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1 A Closer Look at the Principal-Counselor Relationship A Survey of Principals and Counselors May 2009

2 Acknowledgments We would like to thank Crux Research for their contributions to the analyses and interpretation of the results. The College Board The College Board is a not-for-profit membership association whose mission is to connect students to college success and opportunity. Founded in 1900, the College Board is composed of more than 5,600 schools, colleges, universities and other educational organizations. Each year, the College Board serves seven million students and their parents, 23,000 high schools, and 3,800 colleges through major programs and services in college readiness, college admissions, guidance, assessment, financial aid, enrollment, and teaching and learning. Among its best-known programs are the SAT, the PSAT/NMSQT and the Advanced Placement Program (AP ). The College Board is committed to the principles of excellence and equity, and that commitment is embodied in all of its programs, services, activities and concerns. For further information, please visit National Office for School Counselor Advocacy The College Board s National Office for School Counselor Advocacy (NOSCA) promotes the value of school counselors as leaders in advancing school reform and student achievement. NOSCA operates from the College Board s Washington, D.C., office. NOSCA seeks to endorse and institutionalize school counseling practice that advocates for equitable educational access and rigorous academic preparation necessary for college readiness for all students. For more information, please visit American School Counselor Association The American School Counselor Association (ASCA) is a nonprofit professional organization based in Alexandria, Va. ASCA promotes student success by expanding the image and influence of professional school counseling through leadership, advocacy, collaboration and systemic change. ASCA helps school counselors guide their students toward academic achievement, personal and social development, and career planning to help today s students become tomorrow s productive, contributing members of society. ASCA serves the school counseling profession by providing professional development, publications and other resources. ASCA also develops and maintains ethics standards as well as standards for school counseling programs, student performance, and school counselor competency. Founded in 1952, ASCA has a network of 50 state associations and a membership of approximately 25,000 school counseling professionals. For more information, please visit National Association of Secondary School Principals In existence since 1916, the National Association of Secondary School Principals (NASSP) is the preeminent organization of and national voice for middle-level and high school principals, assistant principals, and aspiring school leaders from across the United States and more than 45 countries around the world. The mission of NASSP is to promote excellence in school leadership. NASSP provides its members with the professional research-based and peer-tested resources, and practical tools and materials they need to serve as visionary school leaders. Through award winning publications, professional development opportunities, ready access to relevant research and persistence in advocating on behalf of school leaders, NASSP helps to advance middle-level and high school education by promoting high professional standards; focusing attention on school leaders challenges; providing a national voice for school leaders; building public confidence in education; strengthening the role of the principal as instructional leader; and publicizing the issues and interests of our members in the news media. For more information, please visit The College Board. College Board, Advanced Placement Program, AP, SAT and the acorn logo are registered trademarks of the College Board. PSAT/NMSQT is a registered trademark of the College Board and National Merit Scholarship Corporation. All other products and services may be trademarks of their respective owners. Visit the College Board on the Web:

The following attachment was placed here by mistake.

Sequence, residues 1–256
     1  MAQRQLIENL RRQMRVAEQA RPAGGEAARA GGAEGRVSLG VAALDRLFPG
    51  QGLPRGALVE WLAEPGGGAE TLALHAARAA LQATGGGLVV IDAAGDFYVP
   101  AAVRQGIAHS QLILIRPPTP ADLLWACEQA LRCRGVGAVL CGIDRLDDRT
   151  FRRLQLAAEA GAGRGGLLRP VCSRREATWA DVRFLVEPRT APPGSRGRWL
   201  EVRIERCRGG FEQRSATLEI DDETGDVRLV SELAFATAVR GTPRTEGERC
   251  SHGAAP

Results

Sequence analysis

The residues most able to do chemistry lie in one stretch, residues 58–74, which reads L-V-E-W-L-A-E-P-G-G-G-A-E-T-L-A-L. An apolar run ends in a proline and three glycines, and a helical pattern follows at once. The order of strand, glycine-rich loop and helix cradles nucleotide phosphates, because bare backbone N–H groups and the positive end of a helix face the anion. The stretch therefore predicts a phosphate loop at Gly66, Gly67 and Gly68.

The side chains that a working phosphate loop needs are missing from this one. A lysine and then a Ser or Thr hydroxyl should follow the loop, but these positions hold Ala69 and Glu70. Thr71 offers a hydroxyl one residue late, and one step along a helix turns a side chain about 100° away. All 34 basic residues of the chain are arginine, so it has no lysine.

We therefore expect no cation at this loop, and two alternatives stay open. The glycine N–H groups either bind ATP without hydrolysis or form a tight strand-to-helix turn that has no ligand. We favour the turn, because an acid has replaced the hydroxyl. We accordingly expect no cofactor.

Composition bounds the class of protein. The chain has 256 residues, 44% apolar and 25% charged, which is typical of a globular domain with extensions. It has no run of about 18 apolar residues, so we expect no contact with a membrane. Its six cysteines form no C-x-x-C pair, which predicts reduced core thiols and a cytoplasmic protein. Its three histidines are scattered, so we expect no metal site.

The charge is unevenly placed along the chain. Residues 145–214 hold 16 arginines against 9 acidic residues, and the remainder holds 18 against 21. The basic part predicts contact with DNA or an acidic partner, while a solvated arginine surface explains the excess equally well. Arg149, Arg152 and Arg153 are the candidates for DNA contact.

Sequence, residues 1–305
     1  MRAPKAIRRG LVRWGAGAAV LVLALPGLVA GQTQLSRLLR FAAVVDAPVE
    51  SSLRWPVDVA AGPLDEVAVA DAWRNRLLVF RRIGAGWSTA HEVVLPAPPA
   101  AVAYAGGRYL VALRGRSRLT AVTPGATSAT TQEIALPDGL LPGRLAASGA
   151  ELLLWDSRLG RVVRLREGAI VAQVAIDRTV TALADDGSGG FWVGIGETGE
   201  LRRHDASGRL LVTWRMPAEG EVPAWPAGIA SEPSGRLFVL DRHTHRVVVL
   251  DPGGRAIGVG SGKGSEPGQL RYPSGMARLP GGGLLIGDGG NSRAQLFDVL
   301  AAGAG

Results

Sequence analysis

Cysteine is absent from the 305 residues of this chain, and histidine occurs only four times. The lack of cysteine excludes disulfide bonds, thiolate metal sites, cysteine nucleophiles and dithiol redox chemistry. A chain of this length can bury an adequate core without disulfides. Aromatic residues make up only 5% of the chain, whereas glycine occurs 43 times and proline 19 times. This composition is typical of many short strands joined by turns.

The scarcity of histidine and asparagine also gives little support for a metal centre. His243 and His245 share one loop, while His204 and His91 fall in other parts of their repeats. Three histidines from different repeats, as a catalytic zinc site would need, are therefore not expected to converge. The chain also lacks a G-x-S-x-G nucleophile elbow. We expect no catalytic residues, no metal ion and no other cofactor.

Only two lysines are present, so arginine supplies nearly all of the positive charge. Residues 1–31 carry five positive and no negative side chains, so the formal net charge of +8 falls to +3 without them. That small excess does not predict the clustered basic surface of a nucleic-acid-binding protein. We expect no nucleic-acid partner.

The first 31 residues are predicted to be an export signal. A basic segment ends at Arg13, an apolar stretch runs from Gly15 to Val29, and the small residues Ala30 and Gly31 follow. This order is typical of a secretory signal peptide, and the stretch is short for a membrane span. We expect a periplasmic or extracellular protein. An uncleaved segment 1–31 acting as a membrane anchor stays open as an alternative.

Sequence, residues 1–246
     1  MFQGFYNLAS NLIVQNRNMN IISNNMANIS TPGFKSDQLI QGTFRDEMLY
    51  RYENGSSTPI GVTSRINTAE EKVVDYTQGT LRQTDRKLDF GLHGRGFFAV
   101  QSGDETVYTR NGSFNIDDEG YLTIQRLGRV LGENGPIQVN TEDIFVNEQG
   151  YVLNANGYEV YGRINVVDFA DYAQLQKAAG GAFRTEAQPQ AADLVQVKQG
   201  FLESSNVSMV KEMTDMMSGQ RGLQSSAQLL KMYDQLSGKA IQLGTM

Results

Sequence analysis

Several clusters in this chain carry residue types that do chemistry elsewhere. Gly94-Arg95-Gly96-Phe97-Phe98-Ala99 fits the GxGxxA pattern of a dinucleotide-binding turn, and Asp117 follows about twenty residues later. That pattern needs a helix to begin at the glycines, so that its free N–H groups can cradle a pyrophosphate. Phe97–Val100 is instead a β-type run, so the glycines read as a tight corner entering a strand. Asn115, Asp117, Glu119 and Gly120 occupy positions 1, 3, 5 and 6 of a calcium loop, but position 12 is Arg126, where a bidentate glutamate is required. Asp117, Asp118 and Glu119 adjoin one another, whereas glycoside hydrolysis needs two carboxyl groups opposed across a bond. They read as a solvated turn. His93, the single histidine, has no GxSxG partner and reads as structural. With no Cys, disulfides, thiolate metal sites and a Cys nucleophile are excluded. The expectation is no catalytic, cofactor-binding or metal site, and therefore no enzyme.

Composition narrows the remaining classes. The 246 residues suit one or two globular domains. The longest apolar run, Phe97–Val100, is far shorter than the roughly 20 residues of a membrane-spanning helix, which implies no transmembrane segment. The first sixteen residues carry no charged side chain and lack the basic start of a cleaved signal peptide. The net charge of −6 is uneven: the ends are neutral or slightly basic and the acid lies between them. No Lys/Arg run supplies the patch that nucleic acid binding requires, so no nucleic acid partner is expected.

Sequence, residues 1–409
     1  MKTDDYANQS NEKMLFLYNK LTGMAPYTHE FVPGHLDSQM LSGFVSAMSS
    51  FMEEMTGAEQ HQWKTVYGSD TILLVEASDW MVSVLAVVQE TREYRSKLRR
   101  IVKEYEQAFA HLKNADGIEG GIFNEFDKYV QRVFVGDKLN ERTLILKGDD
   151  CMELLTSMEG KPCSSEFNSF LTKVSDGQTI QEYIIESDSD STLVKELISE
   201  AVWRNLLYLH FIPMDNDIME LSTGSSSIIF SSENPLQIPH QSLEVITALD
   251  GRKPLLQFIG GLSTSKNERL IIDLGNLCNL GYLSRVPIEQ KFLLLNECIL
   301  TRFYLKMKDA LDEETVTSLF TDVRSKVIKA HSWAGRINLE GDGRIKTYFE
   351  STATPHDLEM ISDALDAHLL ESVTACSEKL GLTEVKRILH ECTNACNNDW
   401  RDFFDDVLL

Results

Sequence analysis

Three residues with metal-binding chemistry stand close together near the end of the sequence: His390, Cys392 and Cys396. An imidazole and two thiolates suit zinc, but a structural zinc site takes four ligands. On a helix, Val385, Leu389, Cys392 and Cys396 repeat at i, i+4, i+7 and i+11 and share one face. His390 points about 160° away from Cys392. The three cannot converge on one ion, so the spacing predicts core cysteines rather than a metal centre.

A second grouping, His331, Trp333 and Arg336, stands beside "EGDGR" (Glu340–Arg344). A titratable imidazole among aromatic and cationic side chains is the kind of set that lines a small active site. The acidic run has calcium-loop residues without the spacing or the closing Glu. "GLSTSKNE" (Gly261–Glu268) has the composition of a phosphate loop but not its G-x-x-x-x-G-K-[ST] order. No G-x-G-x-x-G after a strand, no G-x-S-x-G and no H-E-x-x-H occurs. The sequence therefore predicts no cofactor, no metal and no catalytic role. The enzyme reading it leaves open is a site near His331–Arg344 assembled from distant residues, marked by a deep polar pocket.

3 A Closer Look at the Principal-Counselor Relationship A Survey of Principals and Counselors by Doreen Finkelstein, Research Scientist, The College Board A Project of: The College Board American School Counselor Association National Association of Secondary School Principals